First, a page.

Next Episode of The Beechgrove Garden is
The Beechgrove Garden has been on air since 1978 and remains a firm favourite with audiences in Scotland. It consistently outperforms what is being screened by BBC Network in the same slot. At the heart of the series is a 2.5 acre home garden, situated on a cold, inhospitable slope west of Aberdeen, deliberately chosen to reflect Scotland's harsher climate. Horticultural advice in gardening magazines and on UK network gardening programmes is rarely suitable for most of the UK outside the South East of England. Beechgrove shares with its viewers the weekly challenge to work with the Scottish conditions to produce maximum yield of as many varieties as possible of fruit, flowers and vegetables.
2018 marks the Beechgrove Garden's ruby anniversary. This week there are sweet signs of spring as Jim, Carole, George and Chris are surrounded by April's peach and cherry blossom.
George revisits Sheila Harper's ancient apple trees in Banchory. After a severe prune last year, George returns with slightly less sharp secateurs to show how to deal with the old trees this year. Carole visits Rosie Nixon in Perth. Rosie is a passionate wildlife gardener and photographer who creatively uses her all-seasons organic garden as her own green studio.
Throughout the 2018 series, Jim and Carole will be digging in the abundant Beechgrove archive to root out hints and tips from the last 40 years.
Jim and Carole celebrate Beechgrove's ruby anniversary in true Beechgrove style as it's tattie time. Both Jim and Carole are planting a range of ruby or red potatoes, and they also dig up an archive tattie tip from the late George Barron.
Brian is back in Beechgrove revisiting his alpine garden and reviews the winter damage, as well as doing a bit of weeding and feeding.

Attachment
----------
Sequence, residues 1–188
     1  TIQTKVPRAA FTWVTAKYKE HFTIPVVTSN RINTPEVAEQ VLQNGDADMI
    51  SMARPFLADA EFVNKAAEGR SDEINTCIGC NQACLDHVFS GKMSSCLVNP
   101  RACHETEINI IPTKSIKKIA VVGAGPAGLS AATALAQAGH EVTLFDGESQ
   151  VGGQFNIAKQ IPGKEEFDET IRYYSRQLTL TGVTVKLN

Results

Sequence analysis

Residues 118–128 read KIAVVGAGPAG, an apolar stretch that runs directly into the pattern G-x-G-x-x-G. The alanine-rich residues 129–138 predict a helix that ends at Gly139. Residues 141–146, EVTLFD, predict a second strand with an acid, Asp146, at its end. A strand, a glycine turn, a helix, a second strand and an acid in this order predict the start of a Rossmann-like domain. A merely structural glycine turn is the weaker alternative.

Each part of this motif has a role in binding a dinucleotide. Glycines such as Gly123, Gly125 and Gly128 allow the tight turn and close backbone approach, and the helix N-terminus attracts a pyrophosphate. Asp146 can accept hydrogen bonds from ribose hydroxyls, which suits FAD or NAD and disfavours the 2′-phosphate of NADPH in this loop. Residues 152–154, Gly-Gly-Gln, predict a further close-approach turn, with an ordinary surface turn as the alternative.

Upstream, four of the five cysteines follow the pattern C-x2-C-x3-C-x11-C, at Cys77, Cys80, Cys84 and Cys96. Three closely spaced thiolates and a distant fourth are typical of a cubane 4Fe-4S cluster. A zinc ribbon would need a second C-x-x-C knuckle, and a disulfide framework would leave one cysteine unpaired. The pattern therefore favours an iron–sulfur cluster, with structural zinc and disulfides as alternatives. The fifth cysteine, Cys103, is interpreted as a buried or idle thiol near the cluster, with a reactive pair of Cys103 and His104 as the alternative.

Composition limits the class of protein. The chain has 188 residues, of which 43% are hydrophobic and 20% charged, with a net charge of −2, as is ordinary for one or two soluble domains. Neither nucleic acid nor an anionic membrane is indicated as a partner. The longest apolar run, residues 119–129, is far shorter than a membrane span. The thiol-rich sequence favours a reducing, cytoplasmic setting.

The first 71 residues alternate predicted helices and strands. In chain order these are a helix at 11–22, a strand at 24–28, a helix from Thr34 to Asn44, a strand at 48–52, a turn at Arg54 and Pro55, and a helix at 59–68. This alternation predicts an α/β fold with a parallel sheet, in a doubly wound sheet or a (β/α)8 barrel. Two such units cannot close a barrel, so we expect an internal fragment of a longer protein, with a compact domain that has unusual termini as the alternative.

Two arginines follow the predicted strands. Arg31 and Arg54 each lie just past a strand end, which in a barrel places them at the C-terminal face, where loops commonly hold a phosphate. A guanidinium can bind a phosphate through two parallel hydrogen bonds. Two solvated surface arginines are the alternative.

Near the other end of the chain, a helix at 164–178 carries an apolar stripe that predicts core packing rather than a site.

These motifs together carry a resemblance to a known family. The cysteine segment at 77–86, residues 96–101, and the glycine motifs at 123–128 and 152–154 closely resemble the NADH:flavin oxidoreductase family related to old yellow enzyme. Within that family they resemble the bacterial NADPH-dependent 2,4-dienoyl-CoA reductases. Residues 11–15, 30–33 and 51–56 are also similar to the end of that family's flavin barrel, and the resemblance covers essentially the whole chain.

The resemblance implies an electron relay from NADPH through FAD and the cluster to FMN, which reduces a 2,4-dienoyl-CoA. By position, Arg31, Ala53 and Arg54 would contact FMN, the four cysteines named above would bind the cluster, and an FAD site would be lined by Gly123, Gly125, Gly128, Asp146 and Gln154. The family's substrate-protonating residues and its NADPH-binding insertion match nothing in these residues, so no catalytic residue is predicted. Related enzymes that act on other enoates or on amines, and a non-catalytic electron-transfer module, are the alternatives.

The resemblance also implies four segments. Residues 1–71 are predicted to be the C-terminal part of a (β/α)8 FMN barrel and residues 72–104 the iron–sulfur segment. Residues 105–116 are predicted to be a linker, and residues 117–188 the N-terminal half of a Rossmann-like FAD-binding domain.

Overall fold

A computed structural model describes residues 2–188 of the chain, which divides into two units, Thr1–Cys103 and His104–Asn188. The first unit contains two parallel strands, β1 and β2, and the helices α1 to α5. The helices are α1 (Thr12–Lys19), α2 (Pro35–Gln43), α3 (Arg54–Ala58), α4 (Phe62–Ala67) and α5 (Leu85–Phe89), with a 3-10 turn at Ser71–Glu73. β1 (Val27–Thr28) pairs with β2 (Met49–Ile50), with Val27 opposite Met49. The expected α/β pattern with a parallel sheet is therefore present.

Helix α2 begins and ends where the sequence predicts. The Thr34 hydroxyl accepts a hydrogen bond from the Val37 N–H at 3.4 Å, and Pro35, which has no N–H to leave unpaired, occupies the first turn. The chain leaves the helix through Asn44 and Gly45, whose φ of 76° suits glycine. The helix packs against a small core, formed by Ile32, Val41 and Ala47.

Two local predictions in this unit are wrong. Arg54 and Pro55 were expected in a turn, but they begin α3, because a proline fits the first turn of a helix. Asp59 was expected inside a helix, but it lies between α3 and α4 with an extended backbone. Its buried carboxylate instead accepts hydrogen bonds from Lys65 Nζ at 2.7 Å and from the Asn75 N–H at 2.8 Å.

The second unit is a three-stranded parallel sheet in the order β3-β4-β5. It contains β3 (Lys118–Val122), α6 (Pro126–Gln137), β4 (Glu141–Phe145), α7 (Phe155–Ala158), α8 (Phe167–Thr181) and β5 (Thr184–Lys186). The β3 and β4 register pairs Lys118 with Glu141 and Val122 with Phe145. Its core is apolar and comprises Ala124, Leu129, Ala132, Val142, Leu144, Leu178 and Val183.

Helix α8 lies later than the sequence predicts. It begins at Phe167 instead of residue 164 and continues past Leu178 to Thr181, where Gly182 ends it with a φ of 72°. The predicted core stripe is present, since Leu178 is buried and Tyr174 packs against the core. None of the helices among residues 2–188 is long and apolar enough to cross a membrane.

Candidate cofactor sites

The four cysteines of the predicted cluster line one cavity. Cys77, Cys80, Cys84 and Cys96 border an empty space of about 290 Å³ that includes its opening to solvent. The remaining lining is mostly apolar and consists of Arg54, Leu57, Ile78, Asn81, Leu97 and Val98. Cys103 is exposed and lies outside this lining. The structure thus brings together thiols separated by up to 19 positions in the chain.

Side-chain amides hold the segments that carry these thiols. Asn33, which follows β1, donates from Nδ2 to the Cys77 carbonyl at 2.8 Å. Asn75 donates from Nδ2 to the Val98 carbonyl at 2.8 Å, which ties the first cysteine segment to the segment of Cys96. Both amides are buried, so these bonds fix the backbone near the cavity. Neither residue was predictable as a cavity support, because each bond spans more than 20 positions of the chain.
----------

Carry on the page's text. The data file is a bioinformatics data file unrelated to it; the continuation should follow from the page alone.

Last year Carole met almost-nonagenarian garden hero Sandy Inkster in his immaculate and award-winning Cults garden. Carole will visit Sandy several times throughout the 2018 series but this time meets him on his allotment on the south side of Aberdeen.
Chris is adding to the rose garden at Beechgrove. Roses and clematis are a classic combination but you do have to choose carefully, Chris explains, as they have to be able to be pruned at the same time.
Jim is planting with Beechgrove's ruby anniversary in mind, sowing red veg from beetroot 'Bulls Blood', courgette 'Midnight' and lettuce 'Moonred' to spinach 'Red Kitten' and spicy mustard 'Red Giant'. Last year Jim began an observation choosing a range of trees for small gardens. This year he is adding to that with a range of fastigiate trees, which are perfect for a small garden as they don't create much shade and have a small footprint. And Brian, who is used to modest swathes of daffodils at Scone Palace, visits Grampian Growers near Montrose to find out how six million bunches of daffodils find their way from the fields of Angus to neat bunches ready to buy
In the Beechgrove Garden, after the success of the no-dig observation of last year, Jim is extending the trial into the polytunnel, comparing conventionally grown vegetables with easy-grow no-dig vegetable plots. Brian is in Armadale, helping Lesley Welsh and her two children to create a bespoke vegetable plot for the family. Lesley wants the children to be able to easily grow their own and take their own home-grown produce from fork to fork.Brian is also in Tranent, visiting Wattie Russell. Wattie was nominated as one of Scotland's Garden Heroes, and Brian visits to see why. Wattie's inspirational, but tightly packed, garden in Tranent is full of spring beauties with around 500 different pots of colour.
In the Beechgrove Garden, it's tomato time as Jim is growing a range of viewers' recommended favourite tomato varieties, using viewers' best methods for growing them.Carole visits young farmers James Reid and Rosa Bevan near Rhynie, Aberdeenshire, to see how they use permaculture techniques to grow veg in the most environmentally friendly way possible. And Carole is also in Garelochhead to take in the annual Scottish Rhododendron Society show, where she sees competitors showing off the best blooms from the vast range of vibrant varieties.
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